The Very Moving Rennie Harris
Rennie Harris and street dance grew up together. Today, he’s celebrated as the pioneer of hip-hop dance theater, but it took a while before he ever got paid.
Rennie Harris is a pioneering dancer, choreographer, and dance instructor. He is best known as the founder of Rennie Harris Puremovement, the first hip-hop dance touring company.
Born Lorenzo Harris in 1964, he grew up in Philadelphia and formed his first dance group at age 12. His outfits The Step Masters and The Scanner Boys performed with Salt-N-Pepa, Run-DMC, Madonna, Grandmaster Flash, and other pop artists of the 1980s. He worked on TV dance shows Dance Party USA and One House Street. In 1992, he formed Rennie Harris Puremovement to fulfill a commission from Movement Theater International. Since then, the ensemble has toured throughout the world, as has its youth offshoot RHAW.
Harris’s work has also been commissioned by Pennsylvania Ballet, Colorado Ballet, Alvin Ailey American Dance Theater, and numerous other companies. He is the founder of Illadelph Legends Festival, the world’s longest-running hip hop dance festival.
Some people learn to dance. Others, like Rennie Harris, pioneer of hip hop dance, are born to it.
Harris grew up in North Philadelphia in the 1970s. And from the very beginning, he was constantly in motion.
Rennie Harris: My mom used to say, “Turn off that radio!” It’d be like 6:30 in the morning, I’d turn on the radio, start dancing, dance into the bathroom, come back, you know. Or I’m at the table, I’m dancing. My mom would like, smack me ’cause I’m trying to animate water with a glass of water without trying to spill it. You know, trying to. And so, like, it’s really a part of your day to day, like, for those who are like, who love, who are just like for some reason we just have to move.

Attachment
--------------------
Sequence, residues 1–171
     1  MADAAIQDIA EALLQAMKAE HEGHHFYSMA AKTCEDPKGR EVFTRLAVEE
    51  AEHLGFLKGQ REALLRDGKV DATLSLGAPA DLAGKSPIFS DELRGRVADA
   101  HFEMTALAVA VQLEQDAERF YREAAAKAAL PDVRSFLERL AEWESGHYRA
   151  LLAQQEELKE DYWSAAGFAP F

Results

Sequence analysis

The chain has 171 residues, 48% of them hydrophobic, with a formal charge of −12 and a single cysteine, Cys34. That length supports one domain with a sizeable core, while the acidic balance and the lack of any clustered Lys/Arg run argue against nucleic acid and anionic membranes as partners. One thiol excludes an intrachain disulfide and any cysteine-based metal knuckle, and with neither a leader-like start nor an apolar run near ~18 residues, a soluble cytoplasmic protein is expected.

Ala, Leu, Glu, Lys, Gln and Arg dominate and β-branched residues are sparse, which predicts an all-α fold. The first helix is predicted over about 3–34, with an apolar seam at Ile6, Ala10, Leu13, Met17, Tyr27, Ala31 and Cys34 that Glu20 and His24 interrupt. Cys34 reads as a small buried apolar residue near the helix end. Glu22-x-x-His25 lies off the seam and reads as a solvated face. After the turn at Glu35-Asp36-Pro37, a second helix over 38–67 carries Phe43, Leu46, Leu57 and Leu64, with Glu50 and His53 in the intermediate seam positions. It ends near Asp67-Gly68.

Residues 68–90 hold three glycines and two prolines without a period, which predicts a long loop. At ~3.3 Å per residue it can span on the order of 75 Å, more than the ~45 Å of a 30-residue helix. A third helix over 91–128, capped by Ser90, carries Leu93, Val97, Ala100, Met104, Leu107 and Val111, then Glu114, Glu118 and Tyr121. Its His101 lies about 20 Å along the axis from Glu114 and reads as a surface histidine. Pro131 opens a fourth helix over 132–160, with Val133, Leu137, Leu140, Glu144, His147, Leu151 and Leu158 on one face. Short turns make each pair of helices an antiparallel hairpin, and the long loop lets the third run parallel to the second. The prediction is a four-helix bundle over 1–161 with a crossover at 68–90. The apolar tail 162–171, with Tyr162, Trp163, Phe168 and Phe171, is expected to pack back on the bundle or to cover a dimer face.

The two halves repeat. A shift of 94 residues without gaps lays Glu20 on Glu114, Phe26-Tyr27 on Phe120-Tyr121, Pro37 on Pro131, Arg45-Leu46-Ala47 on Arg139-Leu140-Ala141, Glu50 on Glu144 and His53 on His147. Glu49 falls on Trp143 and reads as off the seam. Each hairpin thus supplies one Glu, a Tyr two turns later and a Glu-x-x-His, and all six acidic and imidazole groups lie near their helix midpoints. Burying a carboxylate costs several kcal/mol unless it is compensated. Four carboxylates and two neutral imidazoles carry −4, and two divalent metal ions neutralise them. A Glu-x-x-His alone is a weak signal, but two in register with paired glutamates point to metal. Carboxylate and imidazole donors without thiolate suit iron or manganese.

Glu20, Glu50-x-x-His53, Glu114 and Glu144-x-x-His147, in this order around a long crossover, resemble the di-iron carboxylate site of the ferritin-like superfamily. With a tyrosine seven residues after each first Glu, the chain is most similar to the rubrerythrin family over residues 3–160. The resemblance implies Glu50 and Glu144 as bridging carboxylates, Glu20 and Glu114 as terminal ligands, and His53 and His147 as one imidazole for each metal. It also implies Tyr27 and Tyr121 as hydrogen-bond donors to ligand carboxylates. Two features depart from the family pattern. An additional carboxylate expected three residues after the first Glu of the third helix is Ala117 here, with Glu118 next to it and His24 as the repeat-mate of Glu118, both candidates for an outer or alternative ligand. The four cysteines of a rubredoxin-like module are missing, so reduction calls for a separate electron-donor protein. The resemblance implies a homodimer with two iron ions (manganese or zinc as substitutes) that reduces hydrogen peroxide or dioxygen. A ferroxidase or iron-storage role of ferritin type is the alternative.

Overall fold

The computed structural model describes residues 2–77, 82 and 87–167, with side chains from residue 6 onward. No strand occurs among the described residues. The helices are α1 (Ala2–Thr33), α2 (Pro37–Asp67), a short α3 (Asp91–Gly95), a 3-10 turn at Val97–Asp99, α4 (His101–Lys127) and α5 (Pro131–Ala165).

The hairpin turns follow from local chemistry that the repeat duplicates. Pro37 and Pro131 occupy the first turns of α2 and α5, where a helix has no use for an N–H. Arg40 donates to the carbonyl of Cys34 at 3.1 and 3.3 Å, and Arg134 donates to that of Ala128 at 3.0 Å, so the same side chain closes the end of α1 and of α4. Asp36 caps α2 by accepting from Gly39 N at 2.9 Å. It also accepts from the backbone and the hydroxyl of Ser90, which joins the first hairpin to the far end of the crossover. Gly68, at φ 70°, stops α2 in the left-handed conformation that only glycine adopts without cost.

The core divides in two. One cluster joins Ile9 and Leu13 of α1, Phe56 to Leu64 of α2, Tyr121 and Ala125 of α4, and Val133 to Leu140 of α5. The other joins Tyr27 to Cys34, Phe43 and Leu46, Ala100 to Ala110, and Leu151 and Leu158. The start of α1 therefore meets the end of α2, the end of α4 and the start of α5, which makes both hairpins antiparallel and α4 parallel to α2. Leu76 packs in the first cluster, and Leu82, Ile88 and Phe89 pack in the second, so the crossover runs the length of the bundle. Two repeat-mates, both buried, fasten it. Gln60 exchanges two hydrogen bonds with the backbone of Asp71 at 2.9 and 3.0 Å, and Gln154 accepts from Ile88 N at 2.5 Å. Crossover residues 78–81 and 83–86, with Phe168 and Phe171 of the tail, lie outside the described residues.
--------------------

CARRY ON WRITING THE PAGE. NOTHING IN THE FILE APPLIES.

AJC: You are a dancer, you don’t just dance.
Harris: Right, exactly.
Harris, the oldest of seven, was raised in a Catholic home and studied briefly for the priesthood. But ultimately, religion didn’t call to him as powerfully as movement. For him, dance binds body and spirit. It has a unique power to heal. At age 12, Harris formed his first dance group with his brother and a friend to compete in a church talent show. By age 15, he had founded The Step Masters and a popping crew called The Scatter Boys who would go on to perform with the whos-who of 1980s hip hop acts, including Salt ‘N Pepa, Run-D.M.C., and Grandmaster Flash. When he was passed over for the movie Krush Groove, the last in a string of popular films about street dancing, a discouraged Harris headed back home. In 1991, after a year of scraping by, a Philadelphia based dance company offered him $1500 to create a work that would premiere the following year. He still remembers getting that call from Michael Pedretti from Movement Theater International.